The last third or quarter of The Shape of Things is excellent and fascinating, but it’s a shame that the road to get there was so protracted and clunky. Your mileage will vary on whether you think the ending is worth sticking it out for.
The purpose of the piece seems to be an examination of the concept of performance art, and where to draw the line between art versus other forms of behaviour. There are also interesting ideas here about boundaries, the need for connection and acceptance, and the negative/positive dichotomy of change. Unfortunately, the clear want to explore these ideas is lost in the execution, which does not substantively address its central topics until the very end, despite some early flirtations with these ideas. As a result, by the time there is any real engagement in these ideas, the show ends, and one is left to wonder what the first 75 minutes were spent doing.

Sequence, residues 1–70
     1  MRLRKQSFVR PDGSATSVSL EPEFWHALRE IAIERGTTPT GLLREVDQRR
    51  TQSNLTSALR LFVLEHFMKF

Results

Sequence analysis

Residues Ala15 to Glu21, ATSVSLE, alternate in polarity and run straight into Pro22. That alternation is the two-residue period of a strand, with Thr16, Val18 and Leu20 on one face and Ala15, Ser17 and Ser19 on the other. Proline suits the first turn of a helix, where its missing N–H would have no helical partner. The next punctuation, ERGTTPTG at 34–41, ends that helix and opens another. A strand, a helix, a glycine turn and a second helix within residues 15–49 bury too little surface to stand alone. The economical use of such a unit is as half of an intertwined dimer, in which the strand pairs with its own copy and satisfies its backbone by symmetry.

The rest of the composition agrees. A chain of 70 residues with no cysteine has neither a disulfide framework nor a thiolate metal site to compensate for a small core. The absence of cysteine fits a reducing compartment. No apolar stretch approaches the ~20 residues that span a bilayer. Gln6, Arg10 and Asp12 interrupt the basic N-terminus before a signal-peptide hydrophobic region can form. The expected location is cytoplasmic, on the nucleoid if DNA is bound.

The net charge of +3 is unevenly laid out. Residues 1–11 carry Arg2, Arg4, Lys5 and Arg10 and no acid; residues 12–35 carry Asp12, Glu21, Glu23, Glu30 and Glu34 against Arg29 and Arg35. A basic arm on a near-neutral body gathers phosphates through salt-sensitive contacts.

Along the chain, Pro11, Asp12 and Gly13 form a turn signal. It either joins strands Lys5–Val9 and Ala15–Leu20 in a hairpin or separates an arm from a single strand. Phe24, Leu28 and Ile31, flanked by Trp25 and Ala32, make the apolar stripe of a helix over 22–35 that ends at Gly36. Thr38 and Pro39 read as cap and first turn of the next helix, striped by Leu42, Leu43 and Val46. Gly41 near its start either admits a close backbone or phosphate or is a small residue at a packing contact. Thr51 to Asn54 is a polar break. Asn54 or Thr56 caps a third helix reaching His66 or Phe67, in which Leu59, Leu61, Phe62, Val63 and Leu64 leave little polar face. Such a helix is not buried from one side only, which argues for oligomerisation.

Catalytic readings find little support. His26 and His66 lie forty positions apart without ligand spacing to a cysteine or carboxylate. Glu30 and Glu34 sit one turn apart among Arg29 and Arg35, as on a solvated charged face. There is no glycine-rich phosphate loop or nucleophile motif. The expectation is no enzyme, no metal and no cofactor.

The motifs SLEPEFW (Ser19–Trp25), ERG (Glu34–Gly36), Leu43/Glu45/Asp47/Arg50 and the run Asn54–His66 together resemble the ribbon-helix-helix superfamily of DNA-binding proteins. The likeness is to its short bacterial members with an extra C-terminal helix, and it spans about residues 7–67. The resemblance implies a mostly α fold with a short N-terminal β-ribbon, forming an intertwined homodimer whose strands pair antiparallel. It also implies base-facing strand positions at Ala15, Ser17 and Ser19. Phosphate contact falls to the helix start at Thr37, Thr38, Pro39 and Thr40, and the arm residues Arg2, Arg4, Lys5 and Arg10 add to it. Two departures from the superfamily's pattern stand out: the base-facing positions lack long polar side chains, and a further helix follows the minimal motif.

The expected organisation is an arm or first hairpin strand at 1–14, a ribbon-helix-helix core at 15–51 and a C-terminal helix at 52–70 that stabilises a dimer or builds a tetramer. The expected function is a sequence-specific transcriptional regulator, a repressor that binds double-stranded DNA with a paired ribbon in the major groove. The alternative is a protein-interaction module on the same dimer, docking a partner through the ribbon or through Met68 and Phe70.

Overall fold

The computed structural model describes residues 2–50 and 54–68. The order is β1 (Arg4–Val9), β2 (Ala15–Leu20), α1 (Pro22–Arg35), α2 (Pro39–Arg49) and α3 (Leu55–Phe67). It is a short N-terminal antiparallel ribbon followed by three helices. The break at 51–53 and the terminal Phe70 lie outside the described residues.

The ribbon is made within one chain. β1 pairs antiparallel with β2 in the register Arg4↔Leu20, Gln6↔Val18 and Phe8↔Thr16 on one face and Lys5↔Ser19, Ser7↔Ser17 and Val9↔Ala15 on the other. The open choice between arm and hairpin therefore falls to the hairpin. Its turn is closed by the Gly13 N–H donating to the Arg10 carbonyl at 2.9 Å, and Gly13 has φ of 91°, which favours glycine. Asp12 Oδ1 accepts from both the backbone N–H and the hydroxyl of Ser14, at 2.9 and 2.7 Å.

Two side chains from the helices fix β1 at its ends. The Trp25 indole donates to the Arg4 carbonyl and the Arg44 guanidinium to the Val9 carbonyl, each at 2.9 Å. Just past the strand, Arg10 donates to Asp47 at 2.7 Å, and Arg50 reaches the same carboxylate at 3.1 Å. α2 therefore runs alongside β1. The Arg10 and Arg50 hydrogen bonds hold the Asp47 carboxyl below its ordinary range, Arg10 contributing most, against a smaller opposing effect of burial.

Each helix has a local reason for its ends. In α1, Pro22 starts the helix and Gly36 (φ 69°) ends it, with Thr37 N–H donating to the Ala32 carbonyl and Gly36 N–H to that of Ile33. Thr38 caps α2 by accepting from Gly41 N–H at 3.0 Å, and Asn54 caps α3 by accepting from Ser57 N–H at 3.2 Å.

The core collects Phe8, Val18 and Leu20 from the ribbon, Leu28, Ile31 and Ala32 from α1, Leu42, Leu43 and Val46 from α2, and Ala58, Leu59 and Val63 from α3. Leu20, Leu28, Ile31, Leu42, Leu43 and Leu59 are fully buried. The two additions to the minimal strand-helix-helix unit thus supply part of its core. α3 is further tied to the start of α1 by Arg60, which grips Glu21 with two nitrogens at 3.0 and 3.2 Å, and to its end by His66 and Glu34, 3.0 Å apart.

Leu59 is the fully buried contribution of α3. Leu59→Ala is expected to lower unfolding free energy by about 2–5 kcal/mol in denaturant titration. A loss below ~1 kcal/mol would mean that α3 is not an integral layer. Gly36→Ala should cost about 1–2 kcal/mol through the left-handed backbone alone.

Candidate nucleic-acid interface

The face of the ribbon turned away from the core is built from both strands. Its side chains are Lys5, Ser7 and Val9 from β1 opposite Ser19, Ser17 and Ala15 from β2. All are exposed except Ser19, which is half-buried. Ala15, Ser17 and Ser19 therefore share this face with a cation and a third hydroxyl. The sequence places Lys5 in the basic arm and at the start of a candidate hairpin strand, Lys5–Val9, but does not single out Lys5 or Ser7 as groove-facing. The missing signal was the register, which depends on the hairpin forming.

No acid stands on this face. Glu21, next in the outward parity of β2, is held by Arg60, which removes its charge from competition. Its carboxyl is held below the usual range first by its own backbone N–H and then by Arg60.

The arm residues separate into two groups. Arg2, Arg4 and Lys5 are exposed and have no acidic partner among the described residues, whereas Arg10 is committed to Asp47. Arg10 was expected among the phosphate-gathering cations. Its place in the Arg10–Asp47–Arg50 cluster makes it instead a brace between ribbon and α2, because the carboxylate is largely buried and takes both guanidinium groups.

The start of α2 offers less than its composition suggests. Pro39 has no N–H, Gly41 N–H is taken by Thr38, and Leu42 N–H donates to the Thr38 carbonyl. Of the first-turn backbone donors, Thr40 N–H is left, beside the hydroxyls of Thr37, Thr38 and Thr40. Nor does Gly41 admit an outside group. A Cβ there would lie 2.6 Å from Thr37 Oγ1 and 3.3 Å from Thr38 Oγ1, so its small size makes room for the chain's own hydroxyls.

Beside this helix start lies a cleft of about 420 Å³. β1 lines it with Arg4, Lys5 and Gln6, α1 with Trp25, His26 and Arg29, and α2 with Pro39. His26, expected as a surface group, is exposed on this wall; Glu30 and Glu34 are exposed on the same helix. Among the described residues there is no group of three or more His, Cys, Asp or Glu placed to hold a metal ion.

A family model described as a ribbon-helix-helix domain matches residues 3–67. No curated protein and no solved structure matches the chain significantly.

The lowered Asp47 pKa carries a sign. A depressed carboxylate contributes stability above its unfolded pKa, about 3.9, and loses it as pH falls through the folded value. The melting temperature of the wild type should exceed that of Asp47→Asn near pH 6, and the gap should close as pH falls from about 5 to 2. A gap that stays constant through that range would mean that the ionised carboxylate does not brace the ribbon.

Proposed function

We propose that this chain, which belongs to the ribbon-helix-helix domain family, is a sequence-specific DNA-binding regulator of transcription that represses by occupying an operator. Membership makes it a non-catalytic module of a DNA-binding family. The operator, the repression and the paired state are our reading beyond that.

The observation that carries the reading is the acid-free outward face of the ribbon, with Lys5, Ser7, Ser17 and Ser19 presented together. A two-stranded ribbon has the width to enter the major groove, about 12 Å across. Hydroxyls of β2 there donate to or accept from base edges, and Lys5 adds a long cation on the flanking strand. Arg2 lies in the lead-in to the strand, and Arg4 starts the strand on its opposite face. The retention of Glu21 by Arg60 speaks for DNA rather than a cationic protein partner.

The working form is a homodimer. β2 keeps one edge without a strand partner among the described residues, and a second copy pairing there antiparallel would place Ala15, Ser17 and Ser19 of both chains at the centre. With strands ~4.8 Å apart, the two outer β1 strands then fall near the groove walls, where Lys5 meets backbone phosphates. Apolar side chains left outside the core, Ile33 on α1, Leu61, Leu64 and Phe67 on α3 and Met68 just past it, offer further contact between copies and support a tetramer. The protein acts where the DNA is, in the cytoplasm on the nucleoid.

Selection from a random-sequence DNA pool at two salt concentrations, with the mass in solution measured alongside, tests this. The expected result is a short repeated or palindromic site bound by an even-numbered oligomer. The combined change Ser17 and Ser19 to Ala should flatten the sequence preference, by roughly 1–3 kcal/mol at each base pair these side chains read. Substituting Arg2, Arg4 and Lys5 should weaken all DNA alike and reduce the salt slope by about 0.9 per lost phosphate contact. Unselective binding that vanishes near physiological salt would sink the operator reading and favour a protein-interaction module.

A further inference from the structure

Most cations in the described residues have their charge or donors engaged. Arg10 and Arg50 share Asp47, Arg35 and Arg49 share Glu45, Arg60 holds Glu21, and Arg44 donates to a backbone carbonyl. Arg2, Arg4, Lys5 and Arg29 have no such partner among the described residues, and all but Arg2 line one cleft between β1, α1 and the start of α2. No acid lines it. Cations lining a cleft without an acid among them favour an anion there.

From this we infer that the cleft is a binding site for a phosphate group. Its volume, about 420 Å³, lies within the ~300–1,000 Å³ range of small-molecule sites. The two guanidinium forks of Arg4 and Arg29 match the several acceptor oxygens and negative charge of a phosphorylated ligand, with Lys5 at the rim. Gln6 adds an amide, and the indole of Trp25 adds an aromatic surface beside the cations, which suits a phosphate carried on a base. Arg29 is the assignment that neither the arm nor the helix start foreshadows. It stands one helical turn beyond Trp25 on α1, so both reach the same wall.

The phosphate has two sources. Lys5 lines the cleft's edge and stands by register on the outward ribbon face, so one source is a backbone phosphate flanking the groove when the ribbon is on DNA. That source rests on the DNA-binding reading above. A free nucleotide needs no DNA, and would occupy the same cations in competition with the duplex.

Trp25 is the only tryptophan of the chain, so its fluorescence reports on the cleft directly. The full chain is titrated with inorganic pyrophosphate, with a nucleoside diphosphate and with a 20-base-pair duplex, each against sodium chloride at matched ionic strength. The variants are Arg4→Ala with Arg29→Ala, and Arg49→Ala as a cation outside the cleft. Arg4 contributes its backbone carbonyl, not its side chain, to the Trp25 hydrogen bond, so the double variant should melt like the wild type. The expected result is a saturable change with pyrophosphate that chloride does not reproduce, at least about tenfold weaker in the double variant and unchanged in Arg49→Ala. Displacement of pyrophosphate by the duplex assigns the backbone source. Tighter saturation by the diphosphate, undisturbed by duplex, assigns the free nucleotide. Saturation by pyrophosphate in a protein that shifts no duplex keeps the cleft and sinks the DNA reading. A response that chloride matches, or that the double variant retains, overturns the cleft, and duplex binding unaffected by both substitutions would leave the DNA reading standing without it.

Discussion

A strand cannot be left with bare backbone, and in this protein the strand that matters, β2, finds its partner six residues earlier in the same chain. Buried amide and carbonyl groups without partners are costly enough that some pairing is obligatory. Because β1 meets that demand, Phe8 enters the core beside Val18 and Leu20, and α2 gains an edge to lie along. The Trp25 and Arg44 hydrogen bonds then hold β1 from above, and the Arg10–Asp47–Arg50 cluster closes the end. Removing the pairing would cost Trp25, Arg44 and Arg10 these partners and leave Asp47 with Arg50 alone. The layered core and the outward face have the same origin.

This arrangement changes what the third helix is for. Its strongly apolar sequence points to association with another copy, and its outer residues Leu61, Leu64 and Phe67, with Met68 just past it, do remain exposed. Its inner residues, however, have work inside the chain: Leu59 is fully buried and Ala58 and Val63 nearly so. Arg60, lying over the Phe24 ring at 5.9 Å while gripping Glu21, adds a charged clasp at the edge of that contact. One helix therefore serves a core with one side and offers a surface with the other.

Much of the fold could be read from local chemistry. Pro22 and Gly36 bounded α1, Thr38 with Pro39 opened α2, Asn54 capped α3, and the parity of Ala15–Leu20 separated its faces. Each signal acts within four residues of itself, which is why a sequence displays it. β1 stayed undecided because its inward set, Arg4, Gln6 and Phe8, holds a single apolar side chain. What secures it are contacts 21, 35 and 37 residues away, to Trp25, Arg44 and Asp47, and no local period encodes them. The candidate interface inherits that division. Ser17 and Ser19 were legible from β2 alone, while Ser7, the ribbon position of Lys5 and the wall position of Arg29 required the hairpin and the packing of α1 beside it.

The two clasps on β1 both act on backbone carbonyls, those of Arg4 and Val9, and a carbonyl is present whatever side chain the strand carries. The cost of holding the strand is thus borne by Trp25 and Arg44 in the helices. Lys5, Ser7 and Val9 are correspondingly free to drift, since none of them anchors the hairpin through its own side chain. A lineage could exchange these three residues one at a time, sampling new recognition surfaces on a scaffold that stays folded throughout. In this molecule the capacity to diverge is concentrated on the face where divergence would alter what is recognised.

The Shape of Things has some great ideas and themes, but they are buried under significant structural problems, very unnatural dialogue, and a severe lack of clear character motivations. Marissa Burton, who plays Jenny, admirably manages to overcome these difficulties and imbue her character with naturalism and believability.
I would go back to the drawing board with this piece and try to mould something new out of some great concepts.
The Shape of Things is playing at VanCity Culture Lab 6 - 16 September as part of the 2018 Vancouver Fringe Festival.
~ reviewed by Vanessa Marshall
My video review above addresses the trigger warnings for this show. Be aware of topics such as child sexual and physical abuse, abuse denial, and acts of violence such as yelling, throwing things, and overall family trauma.
Carriage opens with Evelyn Lynden preparing for her daughter’s wedding. Her daughter in law, Grace, and son, Daniel, enter and the dynamic is made clear immediately. Evelyn does not like or respect Grace and dotes on Daniel. She consistently undercuts Grace in a variety of subtle and direct ways. Grace, played by the playwright Elise McRae, swallows her reactions out of consideration or her husband. The affection between the two characters is beautiful and sweet, the way they touch each other and lean into one and other communicates that these two have been together a very long time, we find out later they were high school sweethearts. Lucy, the bride to be enters with her fiancé, Simon, and the drama begins.